Our client recently instructed us to carry out additional works to the contract and subsequently submit a quotation.
The additional works didn’t affect our programme and some of the labour and equipment resources allocated to carry out the additional works were already mobilised to site to carry out the contract works.
On that basis, our client is insisting that if the programme wasn’t affected by the instruction to carry out the additions then we are only entitled to the cost for additional resources mobilised to site to carry out said additional works.
What is our entitlement?
Under clause 63.3 (NEC3 ECC) or clause 63.5 (NEC4 ECC) if, due to the compensation event, there is no effect on planned Completion compared with that in the Accepted Programme, then there is no change to the contractual Completion Date. I think you are in agreement on this.
Under clause 63.1 (both NEC3 & 4 ECC), you are entitled to the change in Defined Costs and resulting Fee due the compensation event. So are you entitled to the additional mobilisation costs of the resources which were not previously ‘mobilised’.
I put ‘mobilised’ in inverted commas because to me that means the costs of getting them into the Working Areas. If that is the same as your meaning, then for both the existing and newly mobilised resource, you would also be entitled to the extra Defined Costs of doing the additional works e.g. existing resource will now be on Site one week longer so that it is an extra cost along with the additional resource. Further, there might well be an additional cost in de-mobilising the additional resource
Thanks for your response Jon.
So would we only be entitled to the cost of ‘mobilising’ existing and new resources to the working area(s) and not for carrying out the works if the works were completed within the same period as the contract works e.g. say a machine and driver and banksman were temporarily stood due to an issue of our own who were then allocated to carry out the instructed works which took 10 hours, 1 hour mobilisation and 9 hours excavating and back filling?
It depends on when the instruction to do the work was given as that is the point at which a forecast is made for the quotation and when the ‘issue of your own making’ became apparent. This is because the quotation should be based on a forecast of what was known at the time. So if the issue of your own making was not known about at this time, you would have had to being in extra resource &/or used existing resource for something other than the original works i.e. extra cost. If it it was known and you slotted in the extra cost when they resources would otherwise be doing nothin but costing you money, there would be no additional forecast Defined Cost and hence change to the Prices.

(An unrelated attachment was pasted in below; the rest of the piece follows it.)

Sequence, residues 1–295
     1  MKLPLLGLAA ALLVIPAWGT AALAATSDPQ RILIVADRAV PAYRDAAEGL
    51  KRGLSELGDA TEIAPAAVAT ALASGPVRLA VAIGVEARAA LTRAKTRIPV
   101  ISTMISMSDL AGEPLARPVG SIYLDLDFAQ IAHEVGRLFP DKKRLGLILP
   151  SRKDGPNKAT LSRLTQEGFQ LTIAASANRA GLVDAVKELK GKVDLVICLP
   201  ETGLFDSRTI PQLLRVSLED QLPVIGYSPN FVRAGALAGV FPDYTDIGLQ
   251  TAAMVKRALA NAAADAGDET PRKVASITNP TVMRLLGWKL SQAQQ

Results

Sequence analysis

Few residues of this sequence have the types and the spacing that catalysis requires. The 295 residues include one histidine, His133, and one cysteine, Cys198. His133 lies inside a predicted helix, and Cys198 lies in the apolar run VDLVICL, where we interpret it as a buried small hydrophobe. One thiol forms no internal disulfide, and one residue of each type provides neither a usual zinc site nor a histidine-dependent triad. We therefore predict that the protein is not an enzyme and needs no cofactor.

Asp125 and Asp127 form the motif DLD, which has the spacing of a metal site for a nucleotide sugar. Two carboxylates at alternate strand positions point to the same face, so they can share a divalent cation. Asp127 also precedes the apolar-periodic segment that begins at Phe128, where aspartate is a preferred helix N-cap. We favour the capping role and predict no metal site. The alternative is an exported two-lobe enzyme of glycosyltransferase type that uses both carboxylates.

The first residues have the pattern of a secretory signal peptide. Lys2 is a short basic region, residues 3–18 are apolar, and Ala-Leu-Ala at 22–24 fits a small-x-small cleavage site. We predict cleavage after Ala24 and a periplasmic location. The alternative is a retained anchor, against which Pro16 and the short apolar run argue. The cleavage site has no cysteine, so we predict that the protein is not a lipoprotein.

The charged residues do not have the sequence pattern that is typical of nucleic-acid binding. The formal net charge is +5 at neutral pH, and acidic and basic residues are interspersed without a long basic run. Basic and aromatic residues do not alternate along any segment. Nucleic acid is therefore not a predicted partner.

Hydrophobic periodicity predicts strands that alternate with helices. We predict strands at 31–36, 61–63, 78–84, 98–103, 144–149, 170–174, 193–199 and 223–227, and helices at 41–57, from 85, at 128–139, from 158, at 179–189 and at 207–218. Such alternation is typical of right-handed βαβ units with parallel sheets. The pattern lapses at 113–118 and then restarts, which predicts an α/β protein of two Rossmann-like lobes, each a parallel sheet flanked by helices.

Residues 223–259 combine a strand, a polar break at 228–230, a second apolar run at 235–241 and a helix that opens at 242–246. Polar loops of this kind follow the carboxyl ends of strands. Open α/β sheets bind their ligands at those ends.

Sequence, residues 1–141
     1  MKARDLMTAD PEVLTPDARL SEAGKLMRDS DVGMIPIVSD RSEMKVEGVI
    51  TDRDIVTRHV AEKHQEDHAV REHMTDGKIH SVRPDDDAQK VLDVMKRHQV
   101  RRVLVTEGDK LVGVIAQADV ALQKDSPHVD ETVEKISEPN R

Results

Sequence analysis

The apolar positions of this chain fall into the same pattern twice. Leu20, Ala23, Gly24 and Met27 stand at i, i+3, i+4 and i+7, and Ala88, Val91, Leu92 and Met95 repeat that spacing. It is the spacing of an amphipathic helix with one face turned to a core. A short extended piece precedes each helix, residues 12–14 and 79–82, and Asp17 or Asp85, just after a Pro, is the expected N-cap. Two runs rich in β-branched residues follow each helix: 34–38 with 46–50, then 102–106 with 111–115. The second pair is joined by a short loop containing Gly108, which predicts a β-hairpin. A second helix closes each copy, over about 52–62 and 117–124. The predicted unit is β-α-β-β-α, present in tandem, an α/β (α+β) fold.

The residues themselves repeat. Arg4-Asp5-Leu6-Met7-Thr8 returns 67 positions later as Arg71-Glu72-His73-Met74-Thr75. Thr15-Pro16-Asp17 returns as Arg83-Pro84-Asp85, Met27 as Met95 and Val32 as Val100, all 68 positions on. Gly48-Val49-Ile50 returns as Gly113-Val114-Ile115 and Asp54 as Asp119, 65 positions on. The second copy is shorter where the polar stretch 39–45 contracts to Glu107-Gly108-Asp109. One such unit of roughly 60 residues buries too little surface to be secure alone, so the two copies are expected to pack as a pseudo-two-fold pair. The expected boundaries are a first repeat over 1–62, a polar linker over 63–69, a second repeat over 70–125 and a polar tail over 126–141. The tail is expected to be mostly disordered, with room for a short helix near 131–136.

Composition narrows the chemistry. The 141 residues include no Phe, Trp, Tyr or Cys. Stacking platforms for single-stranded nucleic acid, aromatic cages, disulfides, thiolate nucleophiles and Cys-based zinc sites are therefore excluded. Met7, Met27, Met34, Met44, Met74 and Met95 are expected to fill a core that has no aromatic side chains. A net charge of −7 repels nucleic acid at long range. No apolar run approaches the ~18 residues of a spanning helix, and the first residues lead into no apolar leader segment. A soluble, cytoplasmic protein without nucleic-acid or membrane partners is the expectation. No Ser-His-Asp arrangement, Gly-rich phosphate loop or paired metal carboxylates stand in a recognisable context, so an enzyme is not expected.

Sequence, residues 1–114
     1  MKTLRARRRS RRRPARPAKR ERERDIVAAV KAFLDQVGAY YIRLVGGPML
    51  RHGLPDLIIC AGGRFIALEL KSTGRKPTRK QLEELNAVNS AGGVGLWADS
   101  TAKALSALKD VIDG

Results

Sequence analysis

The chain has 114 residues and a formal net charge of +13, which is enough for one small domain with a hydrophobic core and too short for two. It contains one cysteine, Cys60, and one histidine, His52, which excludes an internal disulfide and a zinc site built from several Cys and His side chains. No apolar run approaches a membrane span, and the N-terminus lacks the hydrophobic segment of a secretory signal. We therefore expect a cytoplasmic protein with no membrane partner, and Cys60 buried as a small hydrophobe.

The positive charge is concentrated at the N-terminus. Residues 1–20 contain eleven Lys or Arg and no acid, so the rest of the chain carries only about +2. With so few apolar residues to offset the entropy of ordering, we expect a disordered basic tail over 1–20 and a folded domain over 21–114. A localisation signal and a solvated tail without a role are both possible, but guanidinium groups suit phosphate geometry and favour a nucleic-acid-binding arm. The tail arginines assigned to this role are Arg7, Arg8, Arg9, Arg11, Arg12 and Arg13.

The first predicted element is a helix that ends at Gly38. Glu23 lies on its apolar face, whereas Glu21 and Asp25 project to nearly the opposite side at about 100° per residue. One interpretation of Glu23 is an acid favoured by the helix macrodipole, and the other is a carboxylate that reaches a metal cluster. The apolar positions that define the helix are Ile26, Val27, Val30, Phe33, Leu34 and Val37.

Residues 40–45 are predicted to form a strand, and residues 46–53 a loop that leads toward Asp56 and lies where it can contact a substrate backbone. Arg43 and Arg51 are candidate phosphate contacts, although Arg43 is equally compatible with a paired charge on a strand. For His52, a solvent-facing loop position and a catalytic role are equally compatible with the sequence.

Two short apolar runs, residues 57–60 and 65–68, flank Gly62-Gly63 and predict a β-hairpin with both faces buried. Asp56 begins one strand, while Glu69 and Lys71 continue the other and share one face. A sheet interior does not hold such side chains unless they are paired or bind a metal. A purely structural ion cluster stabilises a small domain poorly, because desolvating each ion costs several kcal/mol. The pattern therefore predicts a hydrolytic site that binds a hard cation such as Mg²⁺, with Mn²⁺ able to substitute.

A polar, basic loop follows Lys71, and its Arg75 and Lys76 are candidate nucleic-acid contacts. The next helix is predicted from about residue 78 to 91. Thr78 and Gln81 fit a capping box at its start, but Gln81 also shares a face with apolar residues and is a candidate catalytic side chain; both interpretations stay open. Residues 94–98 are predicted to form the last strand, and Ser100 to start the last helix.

So for the avoidance of doubt, had we forecast and subsequently quoted that we envisaged either having to bring in new resources or use the ones on site, then we’d have a stronger case, but if we retrospectively issued a quotation which included existing resources being ‘made of use’ or so to speak, then there’s not entitlement to a change in the prices?
Have a look at clause 63.1 and the last paragraph. This gives the timing which divides what is forecast from what is based on records. Strictly by the contract, even if the work has been done and both Parties know it has cost nothing, you and the PM should take themselves back in time to his dividing date and asessthe compensation event as a forecast if they did not know what actually happened. Who’d have thought you could time travel under NEC !
Thank you Jon, that makes sense.